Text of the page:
It creates a common policy on the subject of money laundering, provides a common description of money laundering, and provides means for dealing with it. It also establishes certain international collaboration among member nations, which may include governments not affiliated with the Council of Europe. The key objective of this agreement is to improve international cooperation in the areas of investigative assistance, search, seizure, & confiscation of the revenues of all sorts of criminal activity, including drug trafficking, terrorist crimes, and arms trafficking.
FATF is an intergovernmental organisation was founded in 1989 at the G7 summit in Paris with the notion and goal of establishing high standards and promoting the efficient implementation of any legal, regulatory, and operational measures to combat the evil practise of money laundering and terrorist financing. FATF has acknowledged several suggestions that are recognised by international money laundering standards. In October 2001, 8 special recommendations were announced, and in October 2004, a 9th special suggestion was issued, discussing the improvement of international standards for fighting money laundering and terrorism funding. In 2012, the FATF Recommendations were revised.
The International Criminal Police Organization was founded in 1923 and now has 194 members. With the mutual assistance of national police authorities worldwide, Interpol works to preserve global security. Interpol plays an essential role in tracking down criminals, conducting cooperative investigations, capacity development and training, and sharing and providing data access to governments. Interpol created the Interpol Money Laundering Automated Search Service (IMLASS) to aid anti-money laundering efforts by building a database and tracking, connecting, and identifying suspects and people from all countries, as well as tracking the flow of unlawful funds.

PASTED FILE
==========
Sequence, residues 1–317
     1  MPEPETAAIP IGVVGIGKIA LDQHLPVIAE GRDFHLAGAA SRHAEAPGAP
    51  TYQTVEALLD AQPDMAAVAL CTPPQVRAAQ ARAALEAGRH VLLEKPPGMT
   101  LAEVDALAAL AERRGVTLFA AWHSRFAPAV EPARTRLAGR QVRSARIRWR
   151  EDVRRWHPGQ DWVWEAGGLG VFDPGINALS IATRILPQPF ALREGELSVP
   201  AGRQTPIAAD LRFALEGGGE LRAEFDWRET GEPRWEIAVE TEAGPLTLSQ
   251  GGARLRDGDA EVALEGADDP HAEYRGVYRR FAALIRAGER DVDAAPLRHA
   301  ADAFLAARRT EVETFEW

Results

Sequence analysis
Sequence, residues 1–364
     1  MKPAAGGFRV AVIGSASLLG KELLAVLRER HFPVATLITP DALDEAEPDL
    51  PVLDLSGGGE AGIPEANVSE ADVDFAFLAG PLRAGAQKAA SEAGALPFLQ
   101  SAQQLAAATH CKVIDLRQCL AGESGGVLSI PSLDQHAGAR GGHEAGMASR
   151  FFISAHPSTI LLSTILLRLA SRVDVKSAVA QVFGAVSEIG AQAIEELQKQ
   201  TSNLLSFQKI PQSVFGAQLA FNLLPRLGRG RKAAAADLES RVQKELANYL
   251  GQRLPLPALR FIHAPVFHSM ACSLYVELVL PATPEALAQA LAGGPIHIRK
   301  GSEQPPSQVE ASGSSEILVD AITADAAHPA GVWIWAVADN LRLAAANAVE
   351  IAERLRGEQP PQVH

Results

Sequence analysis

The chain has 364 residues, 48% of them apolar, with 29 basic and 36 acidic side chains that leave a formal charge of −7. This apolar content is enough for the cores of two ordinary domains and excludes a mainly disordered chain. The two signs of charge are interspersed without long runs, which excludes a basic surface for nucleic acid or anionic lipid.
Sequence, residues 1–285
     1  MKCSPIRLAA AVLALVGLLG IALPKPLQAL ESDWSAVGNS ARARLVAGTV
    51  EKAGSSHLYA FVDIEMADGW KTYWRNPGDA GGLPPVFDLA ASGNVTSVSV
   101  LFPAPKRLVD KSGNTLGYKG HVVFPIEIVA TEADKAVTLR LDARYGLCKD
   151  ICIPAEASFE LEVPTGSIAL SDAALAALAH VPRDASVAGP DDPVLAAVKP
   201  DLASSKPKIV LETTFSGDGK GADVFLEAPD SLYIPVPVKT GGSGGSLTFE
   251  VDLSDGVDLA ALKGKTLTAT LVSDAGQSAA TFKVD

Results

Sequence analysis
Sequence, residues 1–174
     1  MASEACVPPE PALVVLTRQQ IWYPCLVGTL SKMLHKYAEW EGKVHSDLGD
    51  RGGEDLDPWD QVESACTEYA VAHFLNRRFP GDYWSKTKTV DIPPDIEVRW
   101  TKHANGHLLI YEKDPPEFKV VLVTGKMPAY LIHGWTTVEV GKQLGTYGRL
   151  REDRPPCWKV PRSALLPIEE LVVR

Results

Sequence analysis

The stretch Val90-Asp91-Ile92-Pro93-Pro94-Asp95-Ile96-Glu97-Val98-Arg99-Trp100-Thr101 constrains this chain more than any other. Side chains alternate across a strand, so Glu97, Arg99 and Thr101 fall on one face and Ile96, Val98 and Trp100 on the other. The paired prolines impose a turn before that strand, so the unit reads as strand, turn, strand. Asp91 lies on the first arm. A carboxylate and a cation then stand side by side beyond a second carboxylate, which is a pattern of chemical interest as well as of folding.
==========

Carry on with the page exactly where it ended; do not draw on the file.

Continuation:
It was founded in 1997 with the goal of increasing the efficiency of all international measures to prevent money laundering via technical cooperation services provided to governments. The major objective of this programme is technical cooperation, which includes actions such as raising awareness and training and developing institutions. It also intends to aid in the creation of financial investigative services to ensure the effective operation of the laws.
Money laundering and terrorism funding represent a major danger to our financial well-being and also any country’s sovereignty. Terrorism funding is another big issue that appears to be nearly difficult to track down and capture because the majority of these transactions are in cash and no institutions are engaged in the process. The Prevention of Money Laundering Act, 2002 (PMLA) has been amended to include financing activities connected to terrorism. The RBI and the SEBI each has their own set of anti-money laundering principles. The FIU prefers to receive as many reports as possible in electronic form. Even though India has this PMLA Act and so many recommendations, it still has numerous high-profile money laundering instances; it just need to execute those rules and regulations appropriately in order to prevent money laundering.
Read our article:Essential Elements of Prevention of Money Laundering Act, 2002